How much money does a YouTuber make from 1,000,000 views?

Originally published at:


Any idea what YouTube nets from the same 1MM views?


How much money does a YouTuber make from 1,000,000 views? Anywhere between $500 - $10,000, but the average is $2,000

Wow that’s far higher than I would have predicted.

  • at $500 that’s ~0.05 cents per view?
  • at $2000 that’s ~0.2 cents per view?

God I suck at math! Here’s another calculator which also measures “average engagement (ctr)” too

Above link also answers your question @DurhamO

This estimates your earnings before Youtube’s cut. (Although YouTube traditionally kept its share of advertising income secret, it is now common knowledge that Google keeps 45% of YouTube advertising revenue. So you receive 55% of every dollar paid by advertisers) The estimated earnings that the average YouTube creator could expect to receive from ads on a new video on their channel if EVERYBODY watched the ad on their video and the advertiser paid the average $7.60 CPM is 55% x $7.60, equaling $4.18 per 1,000 views.


Is it ok that I don’t care?


I’ve been watching some content creators on YouTube lately. I haven’t checked their subscriber totals, so I can’t judge their levels of success. (One just celebrated 500,000 subscribers, so he’s doing pretty well.)

It seems like none of them are solely relying on YouTube monetization. They utilize any or all of:

  • Official sponsorships with companies. Skillshare is popular, but I’ve seen an artist who promotes her favorite paper manufacturer.

  • Merchandising, either created by the artists themselves and sold via their own store or a platform like Etsy, or t-shirts and gear produced by other companies.

  • Direct support from viewers. This is usually through Patreon, though I saw one creator who had a wish list on Amazon.

So nobody seems to be counting on YouTube to make ends meet. :slightly_smiling_face:


I remember around 1998 realizing that someday soon, everybody could have their own TV channel on the internet.

Woo. :tada:


If only compensation was tied to quality!


I care only insomuch as it proves that the promise of Youtube - indie television shows - will never be fulfilled to any real degree. The number of views required to support even a small television production are obviously beyond what anyone can get for that kind of content.


I needed clarification, and you gave it.


$0, because some ass hat made a copyright strike against it for 1 second of music you hear in the background. After removing the strike YouTube demonetized it any way.


I do agree, and I don’t. Most YouTubers won’t ever hit the kind of subscriber numbers a television show would, but they still reach a lot of people. And some of them are definitely putting out quality product. So I’m not sure comparing TV to YouTube is an apples-to-apples situation to begin with.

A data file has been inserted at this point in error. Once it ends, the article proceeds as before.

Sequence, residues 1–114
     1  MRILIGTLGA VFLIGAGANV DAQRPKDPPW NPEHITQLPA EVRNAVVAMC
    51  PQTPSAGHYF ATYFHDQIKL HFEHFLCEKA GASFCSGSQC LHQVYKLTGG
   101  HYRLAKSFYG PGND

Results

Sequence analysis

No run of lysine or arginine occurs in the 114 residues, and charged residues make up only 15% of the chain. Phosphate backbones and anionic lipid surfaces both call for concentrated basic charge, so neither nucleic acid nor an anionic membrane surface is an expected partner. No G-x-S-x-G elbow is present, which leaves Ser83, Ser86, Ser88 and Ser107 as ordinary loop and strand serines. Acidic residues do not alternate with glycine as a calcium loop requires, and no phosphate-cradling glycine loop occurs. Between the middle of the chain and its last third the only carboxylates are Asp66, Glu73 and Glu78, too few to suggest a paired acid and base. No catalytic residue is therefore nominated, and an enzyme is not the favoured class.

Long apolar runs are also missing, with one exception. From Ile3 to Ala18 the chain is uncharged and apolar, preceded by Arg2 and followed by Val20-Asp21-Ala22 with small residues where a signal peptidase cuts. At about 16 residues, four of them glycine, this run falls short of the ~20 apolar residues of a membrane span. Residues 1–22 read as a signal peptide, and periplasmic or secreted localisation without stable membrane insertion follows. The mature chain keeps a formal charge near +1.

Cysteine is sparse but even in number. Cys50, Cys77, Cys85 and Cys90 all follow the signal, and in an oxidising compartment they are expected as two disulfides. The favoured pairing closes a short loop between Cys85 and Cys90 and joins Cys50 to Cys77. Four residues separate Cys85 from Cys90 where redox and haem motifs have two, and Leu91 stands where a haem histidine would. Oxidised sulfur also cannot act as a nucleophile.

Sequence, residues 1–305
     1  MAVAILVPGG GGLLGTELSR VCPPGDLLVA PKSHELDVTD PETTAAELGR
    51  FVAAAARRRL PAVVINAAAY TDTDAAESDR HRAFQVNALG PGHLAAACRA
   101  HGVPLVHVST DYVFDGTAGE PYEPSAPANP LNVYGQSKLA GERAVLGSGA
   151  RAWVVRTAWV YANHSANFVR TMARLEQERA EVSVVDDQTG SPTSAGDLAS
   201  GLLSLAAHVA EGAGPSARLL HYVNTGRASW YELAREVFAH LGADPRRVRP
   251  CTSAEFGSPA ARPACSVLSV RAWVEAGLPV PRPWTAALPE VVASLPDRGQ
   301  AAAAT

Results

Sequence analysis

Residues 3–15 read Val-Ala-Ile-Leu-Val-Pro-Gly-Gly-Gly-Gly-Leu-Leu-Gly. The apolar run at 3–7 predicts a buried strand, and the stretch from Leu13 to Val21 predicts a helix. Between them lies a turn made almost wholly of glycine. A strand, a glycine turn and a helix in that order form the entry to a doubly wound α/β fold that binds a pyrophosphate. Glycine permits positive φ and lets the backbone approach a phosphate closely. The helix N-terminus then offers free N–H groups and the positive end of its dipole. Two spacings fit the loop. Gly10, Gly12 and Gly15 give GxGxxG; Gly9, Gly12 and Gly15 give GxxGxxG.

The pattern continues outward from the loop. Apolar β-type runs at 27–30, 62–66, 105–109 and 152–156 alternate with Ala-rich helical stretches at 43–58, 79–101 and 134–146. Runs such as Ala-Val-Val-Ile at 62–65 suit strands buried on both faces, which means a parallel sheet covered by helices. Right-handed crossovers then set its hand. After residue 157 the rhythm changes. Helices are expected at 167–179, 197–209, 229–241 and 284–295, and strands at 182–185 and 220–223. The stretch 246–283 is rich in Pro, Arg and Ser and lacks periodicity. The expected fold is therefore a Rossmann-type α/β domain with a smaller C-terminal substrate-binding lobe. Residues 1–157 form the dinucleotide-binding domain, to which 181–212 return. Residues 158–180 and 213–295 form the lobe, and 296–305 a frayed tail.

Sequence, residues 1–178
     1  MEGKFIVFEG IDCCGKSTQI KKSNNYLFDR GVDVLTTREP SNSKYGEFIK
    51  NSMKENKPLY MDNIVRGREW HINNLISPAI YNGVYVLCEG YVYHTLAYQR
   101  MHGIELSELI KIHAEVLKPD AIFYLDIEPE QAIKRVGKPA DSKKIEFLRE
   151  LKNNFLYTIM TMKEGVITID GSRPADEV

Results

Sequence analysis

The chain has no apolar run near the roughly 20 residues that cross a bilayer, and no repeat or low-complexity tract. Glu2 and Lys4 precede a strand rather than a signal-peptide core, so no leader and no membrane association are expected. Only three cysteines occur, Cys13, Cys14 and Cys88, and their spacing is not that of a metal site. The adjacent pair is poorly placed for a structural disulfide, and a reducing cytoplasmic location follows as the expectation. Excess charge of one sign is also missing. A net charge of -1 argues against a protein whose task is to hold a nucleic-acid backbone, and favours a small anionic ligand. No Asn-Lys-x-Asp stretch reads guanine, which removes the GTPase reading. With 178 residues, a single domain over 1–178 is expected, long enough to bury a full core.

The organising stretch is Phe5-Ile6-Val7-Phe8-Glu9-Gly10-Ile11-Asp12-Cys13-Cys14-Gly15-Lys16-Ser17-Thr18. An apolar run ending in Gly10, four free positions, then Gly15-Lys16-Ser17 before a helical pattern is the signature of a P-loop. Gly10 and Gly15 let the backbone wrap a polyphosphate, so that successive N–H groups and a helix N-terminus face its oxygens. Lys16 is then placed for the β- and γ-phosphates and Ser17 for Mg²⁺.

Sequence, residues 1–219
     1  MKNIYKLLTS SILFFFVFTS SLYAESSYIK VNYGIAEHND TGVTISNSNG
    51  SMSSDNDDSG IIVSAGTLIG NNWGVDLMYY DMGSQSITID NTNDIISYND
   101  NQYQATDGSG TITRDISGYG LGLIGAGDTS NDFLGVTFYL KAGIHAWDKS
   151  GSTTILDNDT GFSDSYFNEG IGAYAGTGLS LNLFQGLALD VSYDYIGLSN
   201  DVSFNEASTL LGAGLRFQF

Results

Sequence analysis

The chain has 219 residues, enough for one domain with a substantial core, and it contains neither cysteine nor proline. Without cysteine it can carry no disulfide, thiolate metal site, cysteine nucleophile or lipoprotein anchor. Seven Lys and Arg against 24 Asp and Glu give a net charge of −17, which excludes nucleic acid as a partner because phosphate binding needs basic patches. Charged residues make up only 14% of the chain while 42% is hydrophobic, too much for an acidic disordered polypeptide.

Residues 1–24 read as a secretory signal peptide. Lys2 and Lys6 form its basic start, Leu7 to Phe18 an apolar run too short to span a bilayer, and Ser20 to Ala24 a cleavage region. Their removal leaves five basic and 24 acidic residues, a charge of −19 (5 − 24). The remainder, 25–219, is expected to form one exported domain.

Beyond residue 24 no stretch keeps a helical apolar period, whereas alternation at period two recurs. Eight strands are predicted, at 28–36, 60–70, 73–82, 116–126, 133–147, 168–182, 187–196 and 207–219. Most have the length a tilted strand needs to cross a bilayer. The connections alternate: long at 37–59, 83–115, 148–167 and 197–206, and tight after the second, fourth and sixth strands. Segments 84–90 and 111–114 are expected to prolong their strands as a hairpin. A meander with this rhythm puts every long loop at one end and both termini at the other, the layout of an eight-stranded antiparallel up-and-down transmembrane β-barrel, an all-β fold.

What keeps it from being comparable are the economics, though. The economics of it mean you’re not going to have documentaries, not going to get fiction; you get a talking head and even that content exists largely as a hobby. (Or you get content that’s actually a sponsored advertisement. Like early television, but without the actual program.)


Look, I’ve been watching a cat video a lot, and I think I’m up to 587 views.

It’s going to be years before I get anywhere close to a million.

How do people do it? Is there any way to get the money in advance?


Her advice for making more money on YouTube? Make videos that are over 10 minutes long (because you can include more ads).

That explains the vids that take seemingly forever to get to the point.


I watch a number of fishing shows on YT that appear to be online-only, and they make it work. There are a number of caveats:

  • start out with all your equipment, including boats, before you make your first video
  • have lots of sponsors
  • direct fans to merch
  • direct fans to use your guide service or guests guide service (some of the travelling shows hop from one guide to another, trading exposure for free guiding)

I’m going to tell viewers that I’ll give them half of my 55% to watch my soothing videos of the sunset every day. Or the charity of their choice.

Maybe some nice videos of rain or crashing waves to help them sleep - play them all day and make more money!


Most people seem to have no clue how much youtubers make

Hell, I barely have a clue about what a youtuber is.


I remember a Techmoan video where he restored some obscure tape recorder that had been used at a radio station, then got a copyright warning for 8 seconds of a John Lennon song that played while he tested the machine.

Like, what is Youtube trying to say there? That he’s spent months of his life working on this machine, documented the whole process, edited and produced a 20 minute video, but that it was actually a cunning plan to let people listen to the intro to Imagine without buying the rights? Can you imagine some record company lawyer in a shiny-arsed suit standing outside a courthouse and actually saying that out loud?


It’s gotta be a reallllly special cat, yo.


2 minute long intro. 2 minutes of random chatter before they get to the meat of the video. 4 minutes of content. 2 more minutes of asking for likes/subscribers/visit their Patreon. Exactly 10:01 minutes to maximize that monetization.

Once you see the pattern it’s hard not to see it everywhere.